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Impulse ball dropped

  1. Oct 22, 2014 #1
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    A 1.2kg ball dropped from a height of 3m onto a steel plate rigidly attached to the ground bounces back up to a height of 2.5m.


    (a). What is the impulse delivered to the ball by the plate? (b). What is the coefficient of restitution of the collision?


    I know my instructor wants me to use something along the lines of a=Δv/Δt; ma= m (Δv/Δt)= Δp/Δt; delta p= maΔt= (ΣF)Δt
    Honestly I'm lost on this one because of the whole Δt when I am not given time...
     
    Last edited by a moderator: Oct 23, 2014
  2. jcsd
  3. Oct 22, 2014 #2

    collinsmark

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    Hello KatyM7,

    Welcome to Physics Forums!

    There are two equivalent ways to interpret impulse.

    The first, is impulse is force times time: The force applied to an object multiplied by the time interval that the force was applied. (For a uniform force, this is simply [itex] \vec J = \vec F \Delta t [/itex]. On the other hand if the force varies with time, then a little calculus is involved, but that's more than I want to get into here.)

    That definition is fine and dandy, but it doesn't help you much for this particular problem since you don't know what the force was nor how long it was applied. Fortunately, it's not the only way to view impulse.

    For reasons which you've already worked out in your original post, impulse is can also be viewed as an object's change in momentum. What is the ball's momentum at the instant after it collides with the steel plate relative to its momentum at the instant before the collision?

    (Hint: don't forget that momentum, like force and impulse, is a vector with both magnitude and direction.)
     
  4. Oct 23, 2014 #3
    The ball's acceleration the instant before the collision would be equal to gravity (9.8m/s^2) and after the collision since it is moving in the opposite direction a=-9.8m/s^2. The ball's mass doesn't change, again the unknown is time. If I am not mistaken this in an isolated system? If so then P(final)= P(initial) in the opposite direction, therefore Δp=0. Please correct me if I am mistaken. Thank you for your help! :)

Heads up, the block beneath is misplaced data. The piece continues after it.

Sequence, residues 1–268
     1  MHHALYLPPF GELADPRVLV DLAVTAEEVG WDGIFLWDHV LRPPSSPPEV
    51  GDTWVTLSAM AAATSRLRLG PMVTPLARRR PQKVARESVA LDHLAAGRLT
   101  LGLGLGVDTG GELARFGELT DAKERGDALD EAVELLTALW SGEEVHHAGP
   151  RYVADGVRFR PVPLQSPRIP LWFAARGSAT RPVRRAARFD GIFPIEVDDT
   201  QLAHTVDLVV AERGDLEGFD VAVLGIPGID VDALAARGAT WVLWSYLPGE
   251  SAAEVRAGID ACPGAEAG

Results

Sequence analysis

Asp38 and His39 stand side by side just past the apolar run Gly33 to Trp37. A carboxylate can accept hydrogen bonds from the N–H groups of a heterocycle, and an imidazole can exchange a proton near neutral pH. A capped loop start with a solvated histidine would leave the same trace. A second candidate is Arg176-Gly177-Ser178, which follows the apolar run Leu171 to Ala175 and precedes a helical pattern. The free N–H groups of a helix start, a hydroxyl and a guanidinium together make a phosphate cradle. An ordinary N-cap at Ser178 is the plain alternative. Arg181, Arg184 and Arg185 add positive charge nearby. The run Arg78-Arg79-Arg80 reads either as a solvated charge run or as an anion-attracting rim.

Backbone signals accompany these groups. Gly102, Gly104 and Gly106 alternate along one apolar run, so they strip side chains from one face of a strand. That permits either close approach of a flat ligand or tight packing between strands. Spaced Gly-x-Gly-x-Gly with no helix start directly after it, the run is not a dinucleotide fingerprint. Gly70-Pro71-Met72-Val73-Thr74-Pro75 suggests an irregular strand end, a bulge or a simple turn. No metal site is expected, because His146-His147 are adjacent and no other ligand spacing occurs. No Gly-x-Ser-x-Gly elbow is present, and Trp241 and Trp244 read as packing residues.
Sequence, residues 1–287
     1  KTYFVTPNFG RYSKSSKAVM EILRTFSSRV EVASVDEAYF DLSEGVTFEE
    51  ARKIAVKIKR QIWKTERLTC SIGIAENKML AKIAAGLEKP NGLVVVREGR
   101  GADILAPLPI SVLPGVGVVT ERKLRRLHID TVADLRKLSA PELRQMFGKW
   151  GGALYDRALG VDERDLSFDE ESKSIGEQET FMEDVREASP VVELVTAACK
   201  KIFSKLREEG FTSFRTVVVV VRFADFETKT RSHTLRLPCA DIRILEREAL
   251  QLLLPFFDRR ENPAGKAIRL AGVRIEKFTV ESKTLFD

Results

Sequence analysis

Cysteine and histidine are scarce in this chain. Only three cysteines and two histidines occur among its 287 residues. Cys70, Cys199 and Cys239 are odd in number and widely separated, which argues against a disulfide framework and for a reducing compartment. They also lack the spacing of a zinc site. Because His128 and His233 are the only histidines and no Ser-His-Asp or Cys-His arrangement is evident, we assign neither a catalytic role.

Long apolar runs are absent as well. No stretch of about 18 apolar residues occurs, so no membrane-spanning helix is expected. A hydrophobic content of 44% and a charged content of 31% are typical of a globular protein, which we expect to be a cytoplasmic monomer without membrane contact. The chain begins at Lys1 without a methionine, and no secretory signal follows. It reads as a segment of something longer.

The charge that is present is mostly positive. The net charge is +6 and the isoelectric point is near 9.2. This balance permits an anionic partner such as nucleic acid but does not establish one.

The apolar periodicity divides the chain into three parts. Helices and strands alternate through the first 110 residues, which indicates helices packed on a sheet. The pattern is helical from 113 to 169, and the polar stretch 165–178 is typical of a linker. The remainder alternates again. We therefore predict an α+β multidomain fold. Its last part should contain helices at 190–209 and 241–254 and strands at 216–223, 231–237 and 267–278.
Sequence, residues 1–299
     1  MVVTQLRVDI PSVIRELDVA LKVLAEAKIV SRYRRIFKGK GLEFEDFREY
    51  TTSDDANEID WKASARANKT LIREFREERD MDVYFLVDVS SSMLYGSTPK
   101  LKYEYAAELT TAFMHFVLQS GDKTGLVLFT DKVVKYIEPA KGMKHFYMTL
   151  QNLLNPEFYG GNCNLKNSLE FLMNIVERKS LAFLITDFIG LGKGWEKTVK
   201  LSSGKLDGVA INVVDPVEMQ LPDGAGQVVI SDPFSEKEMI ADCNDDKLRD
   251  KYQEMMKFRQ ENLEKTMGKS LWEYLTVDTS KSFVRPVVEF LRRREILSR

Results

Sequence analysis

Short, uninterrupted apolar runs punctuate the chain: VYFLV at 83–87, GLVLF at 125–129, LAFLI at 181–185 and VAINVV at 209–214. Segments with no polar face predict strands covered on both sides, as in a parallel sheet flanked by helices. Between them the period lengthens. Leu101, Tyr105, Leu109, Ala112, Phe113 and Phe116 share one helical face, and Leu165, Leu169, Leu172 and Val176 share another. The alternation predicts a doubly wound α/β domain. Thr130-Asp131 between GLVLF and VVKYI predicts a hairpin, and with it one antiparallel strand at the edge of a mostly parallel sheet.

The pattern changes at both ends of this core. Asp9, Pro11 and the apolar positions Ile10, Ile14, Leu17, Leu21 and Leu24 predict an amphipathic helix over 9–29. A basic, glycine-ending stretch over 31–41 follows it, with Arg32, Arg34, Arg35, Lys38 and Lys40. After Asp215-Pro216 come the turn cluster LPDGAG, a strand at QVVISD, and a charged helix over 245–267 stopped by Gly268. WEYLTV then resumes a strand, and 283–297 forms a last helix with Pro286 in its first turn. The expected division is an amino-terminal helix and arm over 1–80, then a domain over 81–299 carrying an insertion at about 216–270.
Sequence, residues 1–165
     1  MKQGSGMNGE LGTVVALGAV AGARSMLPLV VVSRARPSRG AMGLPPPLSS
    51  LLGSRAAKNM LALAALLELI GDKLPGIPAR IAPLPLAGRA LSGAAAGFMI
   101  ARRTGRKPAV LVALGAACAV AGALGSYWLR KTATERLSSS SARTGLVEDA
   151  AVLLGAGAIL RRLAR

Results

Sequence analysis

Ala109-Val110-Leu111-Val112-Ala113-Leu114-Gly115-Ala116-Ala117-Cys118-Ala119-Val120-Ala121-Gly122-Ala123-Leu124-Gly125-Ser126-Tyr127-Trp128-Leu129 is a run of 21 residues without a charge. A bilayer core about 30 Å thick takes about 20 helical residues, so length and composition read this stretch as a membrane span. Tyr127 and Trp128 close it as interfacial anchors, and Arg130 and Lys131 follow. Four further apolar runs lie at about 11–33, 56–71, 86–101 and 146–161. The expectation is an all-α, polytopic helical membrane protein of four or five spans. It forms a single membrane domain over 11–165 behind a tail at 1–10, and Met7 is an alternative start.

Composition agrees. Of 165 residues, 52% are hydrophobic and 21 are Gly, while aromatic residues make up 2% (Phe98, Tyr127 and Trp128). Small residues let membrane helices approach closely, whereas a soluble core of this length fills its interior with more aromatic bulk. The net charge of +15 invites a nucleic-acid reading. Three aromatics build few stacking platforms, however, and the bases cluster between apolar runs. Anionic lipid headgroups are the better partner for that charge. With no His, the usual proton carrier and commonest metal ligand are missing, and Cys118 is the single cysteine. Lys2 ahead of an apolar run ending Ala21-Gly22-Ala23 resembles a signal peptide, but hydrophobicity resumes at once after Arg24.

5. Oct 23, 2014 #4

    collinsmark

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    Well, okay. But I was asking more about momentum though.

    But yes, the ball acceleration the instant before the collision is 9.8 m/s2 in the down direction.

    Well, no, that's not true. After the collision, even though the ball is moving up (velocity is up) its acceleration is still 9.8 m/s2 in the down direction.

    But anyway, I'm asking about the ball's change in momentum. Not the ball's change in acceleration.

    Momentum, [itex] \vec p [/itex] is

    [tex] \vec p = m \vec v [/tex]
    The ball is definitely not an isolated system. It encounters the external impulse brought on by the steel plate, and not to mention that it is undergoing an external gravitational force the whole while.

    I believe that answer is mistaken.

    Use your kinematics equations to find the velocity of the ball immediately before impact knowing the initial height of the ball is 3 m. Alternatively, you could use conservation of energy; either way is fine. Then do the same to find the velocity of the ball immediately after the collision, knowing the final height of the ball is 2.5 m.

    Finally, calculate the ball's change in momentum during the collision with the steel plate. [Edit: then move on to part b.]
     
    Last edited: Oct 23, 2014
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